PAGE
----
Bat foraging patterns across habitat scales in the Upper Coastal Plain of South Carolina.
Ford, Mark*,1, Menzel, Alex2, Menzel, Jennifer1, Kilgo, John3, Edwards, John 4, 1 USDA Forest Service, Parsons, WV, USA2 Alston and Bird LLP, Atlanta, GA, USA3 USDA Forest Service, Aiken, SC, USA4 West Virginia University, Morgantown, WV, USA
ABSTRACT- During the summer of 2001, we used active acoustical sampling techniques to survey bat foraging habitat relationships at multiple scales on the 78,000 ha Savannah River Site in the Upper Coastal Plain of South Carolina. Using an a priori information-theoretic approach, we conducted logistic regression analysis to examine individual bat species presence as measured by echolocation search-phase passes of Pipistrellus subflavus, Myotis austroriparius, Nyticeius humeralis, Lasiurus spp., and Eptesicus fuscus relative to micro-habitat features (forest stand structure and proximity to riparian and wetland habitats, macro-habitat features (forest type and landscape-level habitat heterogeneity), weather, and abundance of arthropod prey resources. There was considerable empirical support to suggest that the majority of bat activity across species at the Savannah River Site occurs at a smaller, stand-level habitat scale that combines measures of habitat clutter, close proximity to riparian zones and prey abundance. Accordingly, we believe that foraging habitat relationships are more local than landscape across this relatively large area for the generalist bat that are extant at the Savannah River Site. Myotis austroriparius was the partial exception, as our supported models indicated that its presence was linked to the proximity of Carolina bays or location within bottomland hardwood communities rather than upland pine communities.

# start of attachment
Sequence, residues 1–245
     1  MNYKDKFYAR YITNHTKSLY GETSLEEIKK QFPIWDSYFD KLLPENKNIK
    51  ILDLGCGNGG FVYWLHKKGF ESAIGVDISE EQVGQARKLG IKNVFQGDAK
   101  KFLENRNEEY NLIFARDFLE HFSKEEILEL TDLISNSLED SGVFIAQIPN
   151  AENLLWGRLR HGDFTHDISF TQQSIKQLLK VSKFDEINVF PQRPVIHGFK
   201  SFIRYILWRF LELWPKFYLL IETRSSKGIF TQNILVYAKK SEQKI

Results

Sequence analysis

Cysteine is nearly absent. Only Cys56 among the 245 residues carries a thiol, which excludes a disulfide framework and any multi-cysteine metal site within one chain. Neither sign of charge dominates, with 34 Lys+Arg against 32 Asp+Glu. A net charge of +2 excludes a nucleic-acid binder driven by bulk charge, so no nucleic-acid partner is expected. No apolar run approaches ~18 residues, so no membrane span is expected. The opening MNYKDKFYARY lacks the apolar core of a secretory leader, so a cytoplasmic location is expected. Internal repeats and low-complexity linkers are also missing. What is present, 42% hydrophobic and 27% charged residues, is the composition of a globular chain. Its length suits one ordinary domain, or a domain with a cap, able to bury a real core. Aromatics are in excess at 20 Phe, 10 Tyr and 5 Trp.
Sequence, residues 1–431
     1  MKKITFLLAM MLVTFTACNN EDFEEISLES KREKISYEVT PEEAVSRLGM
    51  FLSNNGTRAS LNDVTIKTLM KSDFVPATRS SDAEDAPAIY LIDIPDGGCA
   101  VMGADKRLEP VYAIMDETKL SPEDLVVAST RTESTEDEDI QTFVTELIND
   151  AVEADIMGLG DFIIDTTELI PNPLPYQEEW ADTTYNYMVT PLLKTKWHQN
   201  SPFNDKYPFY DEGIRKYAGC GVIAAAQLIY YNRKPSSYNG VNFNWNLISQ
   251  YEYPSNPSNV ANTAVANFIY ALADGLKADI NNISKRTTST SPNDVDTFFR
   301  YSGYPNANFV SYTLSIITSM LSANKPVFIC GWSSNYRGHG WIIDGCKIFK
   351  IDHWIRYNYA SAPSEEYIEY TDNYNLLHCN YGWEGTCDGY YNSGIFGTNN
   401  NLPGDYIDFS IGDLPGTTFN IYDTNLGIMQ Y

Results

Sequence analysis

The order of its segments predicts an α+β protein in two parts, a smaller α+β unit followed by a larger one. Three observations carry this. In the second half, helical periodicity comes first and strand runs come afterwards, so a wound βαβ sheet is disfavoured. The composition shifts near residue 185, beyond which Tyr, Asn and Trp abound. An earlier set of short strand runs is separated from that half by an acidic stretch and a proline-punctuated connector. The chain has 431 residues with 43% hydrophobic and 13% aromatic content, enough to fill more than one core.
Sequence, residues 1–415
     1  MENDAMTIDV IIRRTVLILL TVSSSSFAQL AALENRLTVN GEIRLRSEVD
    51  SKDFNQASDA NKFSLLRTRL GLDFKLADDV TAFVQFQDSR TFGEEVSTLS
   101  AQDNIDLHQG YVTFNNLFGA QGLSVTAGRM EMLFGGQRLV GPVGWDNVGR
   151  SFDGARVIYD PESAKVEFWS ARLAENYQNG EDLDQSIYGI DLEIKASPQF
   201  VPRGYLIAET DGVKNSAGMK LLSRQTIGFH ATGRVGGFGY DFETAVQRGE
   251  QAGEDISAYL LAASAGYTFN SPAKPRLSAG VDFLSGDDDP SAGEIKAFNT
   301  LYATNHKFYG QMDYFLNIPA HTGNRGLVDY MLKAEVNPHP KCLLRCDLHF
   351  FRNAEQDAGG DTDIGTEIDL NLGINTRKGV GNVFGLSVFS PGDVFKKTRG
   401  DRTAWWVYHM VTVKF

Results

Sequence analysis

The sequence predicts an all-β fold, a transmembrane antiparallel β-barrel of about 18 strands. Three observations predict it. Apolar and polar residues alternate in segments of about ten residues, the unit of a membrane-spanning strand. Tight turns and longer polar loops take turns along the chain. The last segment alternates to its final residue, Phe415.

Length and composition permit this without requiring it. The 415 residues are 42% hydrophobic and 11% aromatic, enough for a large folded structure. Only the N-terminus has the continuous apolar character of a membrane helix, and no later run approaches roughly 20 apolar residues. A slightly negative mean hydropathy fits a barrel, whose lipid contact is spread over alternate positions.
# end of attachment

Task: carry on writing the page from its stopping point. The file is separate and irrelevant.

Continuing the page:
Key words: bats, Savannah River Site, stand structure
All materials copyright The Ecological Society of America (ESA), and may not be used without written permission.